Extraordinary ethics require extraordinary arguments

Pre­vi­ous post: Fight­ing the al­lure of de­pres­sive realism

My blog en­tries are about a per­sonal bat­tle against de­pres­sion and anx­iety, from the point of view of some­one who has been im­mersed in ra­tio­nal­ist/​LW ideas and cul­ture for a few years now.

I want to illus­trate a par­tic­u­lar, re­cur­ring bat­tle I have with scrupu­los­ity. (I’m not the best at di­alogues, so bear with me for a mo­ment.)

Me: Alright, it’s time to be pro­duc­tive and get to my home­work.
???: Hold on! How can you pos­si­bly jus­tify that if you haven’t solved ethics yet?
Me: What? Who are you?
SD: Allow me to in­tro­duce my­self, I’m your Skep­tic De­mon. I whisper eth­i­cal con­cerns in your ear to make sure you’re always do­ing the right thing.
Me: That sounds more like a dae­mon than a de­mon to me.
SD: De­mon. Trust me.
Me: Solv­ing ethics can’t pos­si­bly be ex­pected of a sin­gle per­son, de­mon.
SD: Right you are! But you’ve looked around the world enough to know that ev­ery­thing you do could have rip­ple effects that might be dis­as­trous. So how can you pos­si­bly feel good about work­ing on your home­work with­out ac­count­ing for that?
Me: What? It’s just home­work.
SD: Oh, no it isn’t. Do­ing well on home­work means send­ing a bet­ter sig­nal to em­ploy­ers means more peo­ple want to hire you down the line, in­clud­ing for un­scrupu­lous ac­tivi­ties. And you’ve done not-great things be­fore, so we can’t be sure you’ll re­sist. In fact the ex­is­tence of first-, sec­ond-, third-, and nth-or­der effects im­plies you might not even re­al­ize when you’re be­ing offered such.
Me: Erm… Well, it’s true that things have un­in­tended con­se­quences, but--
SD: No “buts”! You want to be a good per­son, right? So we gotta rea­son this out.
Me: I guess you have a point...
SD: Alright. So let’s get started.
(hours pass)
SD: Okay. You’re on shaky ice with some of these con­sid­er­a­tions. I’m not to­tally con­vinced you won’t be tempted by the money to go and do some­thing net harm­ful your­self, but I will give you a one-time pass. You may pro­ceed to start your as­sign­ment .
Me: I’m ex­hausted and I just want to go to sleep now.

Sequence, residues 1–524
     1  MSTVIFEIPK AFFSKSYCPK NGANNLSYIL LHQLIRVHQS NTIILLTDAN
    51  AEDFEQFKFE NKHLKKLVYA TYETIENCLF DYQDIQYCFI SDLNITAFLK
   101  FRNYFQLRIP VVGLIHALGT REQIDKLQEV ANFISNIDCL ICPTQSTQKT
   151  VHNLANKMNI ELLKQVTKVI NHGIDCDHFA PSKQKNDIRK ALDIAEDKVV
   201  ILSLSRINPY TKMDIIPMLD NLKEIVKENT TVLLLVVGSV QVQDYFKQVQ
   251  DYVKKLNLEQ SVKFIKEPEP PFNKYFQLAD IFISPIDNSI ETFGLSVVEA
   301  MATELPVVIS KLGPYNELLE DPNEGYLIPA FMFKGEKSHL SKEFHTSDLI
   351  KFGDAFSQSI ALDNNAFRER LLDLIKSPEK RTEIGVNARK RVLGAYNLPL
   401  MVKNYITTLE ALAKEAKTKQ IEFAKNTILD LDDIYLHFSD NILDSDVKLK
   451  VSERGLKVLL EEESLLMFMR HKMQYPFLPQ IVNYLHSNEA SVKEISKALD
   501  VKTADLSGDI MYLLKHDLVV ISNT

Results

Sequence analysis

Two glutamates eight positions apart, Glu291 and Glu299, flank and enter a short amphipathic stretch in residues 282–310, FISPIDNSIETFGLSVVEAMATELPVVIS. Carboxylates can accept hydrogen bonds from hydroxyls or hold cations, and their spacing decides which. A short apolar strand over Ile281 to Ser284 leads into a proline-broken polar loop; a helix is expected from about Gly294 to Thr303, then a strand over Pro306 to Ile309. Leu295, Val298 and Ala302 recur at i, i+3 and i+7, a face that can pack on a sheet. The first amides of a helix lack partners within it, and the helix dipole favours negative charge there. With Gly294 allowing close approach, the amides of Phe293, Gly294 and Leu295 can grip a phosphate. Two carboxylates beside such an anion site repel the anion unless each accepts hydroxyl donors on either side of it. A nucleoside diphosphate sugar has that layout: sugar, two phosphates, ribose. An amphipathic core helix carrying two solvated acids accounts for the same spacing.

SD: Then my work is done here. *dis­ap­pears in a puff of shaky logic*

This kind of con­ver­sa­tion hap­pens to me all the time. Why?

On one level, it’s easy to see what the skep­tic de­mon is do­ing. He’s trol­ling. He’s keep­ing me from do­ing the ac­tual pro­duc­tive work I want to do, and very cu­ri­ously never pops up to ask whether my watch­ing TV or even whether my eat­ing meat is ill-ad­vised.

But he’s trol­ling with a le­gi­t­i­mate is­sue—the fact that we can’t ac­tu­ally pre­dict all of the pos­si­ble con­se­quences of our ac­tions. It feels wrong to say that some­one should be held eth­i­cally re­spon­si­ble for the sum to­tal of that but­terfly effect, but it feels equally wrong to deny they have any stake in it what­so­ever. Trolls are worst when they find an is­sue that is near and dear to your heart and poke at it.

What to do? I’d like to at least jus­tify why I think it’s okay to ig­nore this lit­tle guy.

I think we can get a lot of mileage here out of the old Carl Sa­gan heuris­tic, “Ex­traor­di­nary claims re­quire ex­taor­di­nary ev­i­dence.” Here, it changes to ex­traor­di­nary ethics re­quire ex­traor­di­nary ar­gu­ments. And the idea that I should sab­o­tage my own ca­reer out of the fear that I might ac­ci­den­tally harm some­one down the line due to my own weak­ness is one heck of an ex­traor­di­nary ethic.

For one, this ethic im­me­di­ately fails my pop-philos­o­phy un­der­stand­ing of the cat­e­gor­i­cal im­per­a­tive. If ev­ery­one acted like this, mod­ern so­ciety and all of its woes would crum­ble, but so would its many, many, many benefits.

It also fails my un­der­stand­ing of why we usu­ally give self-in­ter­est a seat at the table in ethics, even if we worry about its ex­cesses: A world in which ev­ery­one spends all of their en­ergy try­ing to make other peo­ple happy but never take time for them­selves is a world where ev­ery­one runs them­selves ragged and is uniformly mis­er­able.

We could make the ar­gu­ment that peo­ple are far less morally re­spon­si­ble for sec­ond-, third-, etc. or­der effects from many differ­ent an­gles, one of my fa­vorites be­ing lo­cal val­idity. And so on.

I’m not sure how far I can take this heuris­tic be­fore it breaks, but I think it’s a very wise start­ing point to be­gin with when it comes to is­sues of scrupu­los­ity.